by Barry Dysert
(last updated July 18, 2016)
It's easy to associate an unused drive letter with a network drive, so you can have access to up to 26 drives by using the letters A through Z. Probably the simplest way to map a network drive is through Windows Explorer. Launch Windows Explorer and, from its menu, select Tools | Map Network Drive. (See Figure 1.)
Figure 1. Mapping a network drive in Windows 7.
In Windows 8 and Windows 10 you can accomplish the same thing by launching a File Explorer window, clicking This PC in the navigation pane, and then clicking the Map Network Drive tool in the Network group of the ribbon. (See Figure 2.)
Figure 2. Mapping a network drive in Windows 8 and 10.
Windows displays the Map Network Drive dialog box. In this dialog box you can specify a drive letter you want used for the network drive and the folder on the network that you want associated with that drive letter. (See Figure 3.)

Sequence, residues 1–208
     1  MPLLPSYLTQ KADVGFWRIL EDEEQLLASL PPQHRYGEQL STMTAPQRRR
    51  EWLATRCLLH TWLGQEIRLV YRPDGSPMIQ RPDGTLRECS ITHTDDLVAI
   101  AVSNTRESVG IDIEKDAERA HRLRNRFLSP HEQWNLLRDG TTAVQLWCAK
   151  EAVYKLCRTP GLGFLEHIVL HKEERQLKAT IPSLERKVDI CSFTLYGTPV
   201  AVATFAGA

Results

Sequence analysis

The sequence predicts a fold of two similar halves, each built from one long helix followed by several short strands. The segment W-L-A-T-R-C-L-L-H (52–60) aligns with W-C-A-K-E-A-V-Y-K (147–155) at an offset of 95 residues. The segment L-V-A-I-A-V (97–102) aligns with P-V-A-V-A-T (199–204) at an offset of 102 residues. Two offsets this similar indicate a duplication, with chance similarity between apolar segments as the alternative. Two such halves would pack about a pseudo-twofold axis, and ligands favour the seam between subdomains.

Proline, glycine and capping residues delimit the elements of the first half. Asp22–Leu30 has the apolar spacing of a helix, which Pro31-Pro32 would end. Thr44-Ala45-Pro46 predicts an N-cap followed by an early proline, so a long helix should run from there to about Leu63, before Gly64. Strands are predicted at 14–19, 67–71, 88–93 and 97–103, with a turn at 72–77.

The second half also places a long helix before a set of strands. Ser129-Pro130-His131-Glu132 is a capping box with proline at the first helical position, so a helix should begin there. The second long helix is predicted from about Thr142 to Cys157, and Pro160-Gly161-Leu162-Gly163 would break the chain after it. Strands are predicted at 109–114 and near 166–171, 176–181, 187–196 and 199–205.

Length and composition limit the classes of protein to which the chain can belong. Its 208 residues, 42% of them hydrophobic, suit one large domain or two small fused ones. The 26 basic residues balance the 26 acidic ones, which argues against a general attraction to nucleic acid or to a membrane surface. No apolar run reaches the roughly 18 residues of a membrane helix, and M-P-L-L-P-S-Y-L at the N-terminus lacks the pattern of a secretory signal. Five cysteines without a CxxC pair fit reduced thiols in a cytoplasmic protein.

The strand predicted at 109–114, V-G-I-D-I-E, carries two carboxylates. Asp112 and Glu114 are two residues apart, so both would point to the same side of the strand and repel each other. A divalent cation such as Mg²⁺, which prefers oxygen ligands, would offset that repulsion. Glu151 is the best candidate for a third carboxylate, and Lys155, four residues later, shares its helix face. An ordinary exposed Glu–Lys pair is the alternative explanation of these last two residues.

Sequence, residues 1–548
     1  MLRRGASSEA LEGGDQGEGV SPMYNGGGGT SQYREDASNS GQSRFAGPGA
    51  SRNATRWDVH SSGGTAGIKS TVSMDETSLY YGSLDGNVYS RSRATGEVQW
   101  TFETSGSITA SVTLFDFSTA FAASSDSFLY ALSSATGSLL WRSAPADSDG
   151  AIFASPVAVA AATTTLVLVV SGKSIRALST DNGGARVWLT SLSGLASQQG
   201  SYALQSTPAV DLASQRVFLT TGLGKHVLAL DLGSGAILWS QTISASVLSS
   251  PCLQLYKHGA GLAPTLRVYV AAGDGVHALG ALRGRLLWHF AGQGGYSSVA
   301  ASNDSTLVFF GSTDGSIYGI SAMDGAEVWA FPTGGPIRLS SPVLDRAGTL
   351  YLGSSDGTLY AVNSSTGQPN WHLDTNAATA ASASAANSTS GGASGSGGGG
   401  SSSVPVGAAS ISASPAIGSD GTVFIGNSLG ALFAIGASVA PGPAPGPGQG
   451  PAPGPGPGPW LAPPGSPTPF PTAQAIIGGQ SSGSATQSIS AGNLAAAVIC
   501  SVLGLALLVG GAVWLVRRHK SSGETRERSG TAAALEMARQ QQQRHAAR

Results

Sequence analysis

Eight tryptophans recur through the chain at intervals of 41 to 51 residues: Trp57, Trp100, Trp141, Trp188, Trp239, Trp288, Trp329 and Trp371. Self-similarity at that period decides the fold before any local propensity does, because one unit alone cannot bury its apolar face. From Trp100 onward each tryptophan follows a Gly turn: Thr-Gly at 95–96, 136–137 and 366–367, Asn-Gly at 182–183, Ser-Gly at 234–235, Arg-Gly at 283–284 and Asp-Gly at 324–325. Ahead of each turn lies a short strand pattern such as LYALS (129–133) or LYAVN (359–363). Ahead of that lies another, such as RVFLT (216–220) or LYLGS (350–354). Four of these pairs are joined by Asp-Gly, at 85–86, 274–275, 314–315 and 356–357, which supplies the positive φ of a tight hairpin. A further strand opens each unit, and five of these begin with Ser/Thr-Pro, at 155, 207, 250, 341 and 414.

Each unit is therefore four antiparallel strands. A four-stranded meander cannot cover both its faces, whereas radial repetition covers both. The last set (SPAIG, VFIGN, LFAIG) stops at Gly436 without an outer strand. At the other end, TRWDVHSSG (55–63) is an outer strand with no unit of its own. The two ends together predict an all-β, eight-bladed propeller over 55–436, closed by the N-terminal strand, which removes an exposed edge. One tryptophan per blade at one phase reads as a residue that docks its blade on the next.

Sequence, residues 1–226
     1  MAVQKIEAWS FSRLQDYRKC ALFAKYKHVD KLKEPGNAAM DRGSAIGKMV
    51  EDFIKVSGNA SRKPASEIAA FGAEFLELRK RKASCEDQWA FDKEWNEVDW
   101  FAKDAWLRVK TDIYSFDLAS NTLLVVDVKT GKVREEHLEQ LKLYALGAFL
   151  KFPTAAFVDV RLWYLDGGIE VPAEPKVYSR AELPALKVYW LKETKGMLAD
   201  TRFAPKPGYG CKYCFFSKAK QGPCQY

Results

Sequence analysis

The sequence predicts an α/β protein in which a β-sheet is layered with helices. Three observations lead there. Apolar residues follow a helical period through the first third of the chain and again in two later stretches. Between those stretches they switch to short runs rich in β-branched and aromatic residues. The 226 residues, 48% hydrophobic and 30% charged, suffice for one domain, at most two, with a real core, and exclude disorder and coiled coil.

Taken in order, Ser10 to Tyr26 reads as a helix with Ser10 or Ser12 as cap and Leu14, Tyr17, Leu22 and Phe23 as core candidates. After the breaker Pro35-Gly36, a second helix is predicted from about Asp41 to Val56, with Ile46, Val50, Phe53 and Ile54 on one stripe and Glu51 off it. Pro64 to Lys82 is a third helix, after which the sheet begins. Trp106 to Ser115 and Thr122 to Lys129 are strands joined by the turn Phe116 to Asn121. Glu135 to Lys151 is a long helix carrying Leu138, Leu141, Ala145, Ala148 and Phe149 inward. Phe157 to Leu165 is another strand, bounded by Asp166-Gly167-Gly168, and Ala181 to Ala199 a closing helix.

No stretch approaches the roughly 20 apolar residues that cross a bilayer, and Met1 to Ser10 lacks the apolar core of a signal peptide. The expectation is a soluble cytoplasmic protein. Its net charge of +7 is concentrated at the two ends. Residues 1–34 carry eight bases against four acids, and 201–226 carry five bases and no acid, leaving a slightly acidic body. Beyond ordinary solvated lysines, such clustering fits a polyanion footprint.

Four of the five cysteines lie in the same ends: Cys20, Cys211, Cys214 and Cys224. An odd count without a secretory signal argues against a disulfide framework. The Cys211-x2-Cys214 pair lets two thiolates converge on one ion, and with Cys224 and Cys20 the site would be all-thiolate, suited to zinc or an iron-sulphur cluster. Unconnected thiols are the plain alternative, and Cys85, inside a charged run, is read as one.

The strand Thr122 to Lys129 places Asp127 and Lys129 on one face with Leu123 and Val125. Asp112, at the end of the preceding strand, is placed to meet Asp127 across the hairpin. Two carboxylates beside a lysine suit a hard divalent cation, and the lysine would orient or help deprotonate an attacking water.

Figure 3. The Map Network Drive dialog box.
Note that you have the option to have this mapping remembered (reconnected) each time you log in to your system. To accommodate different security environments, you can also click the "Connect using different credentials" checkbox. If you do check this checkbox, you'll be prompted to enter a username and password to be used for the connection.
Once you have the settings for the mapping configured the way you want, click the Finish button. You now have the specified drive letter associated with the given folder and you can immediately start to use it.
This tip (11898) applies to Windows 7, 8, and 10.
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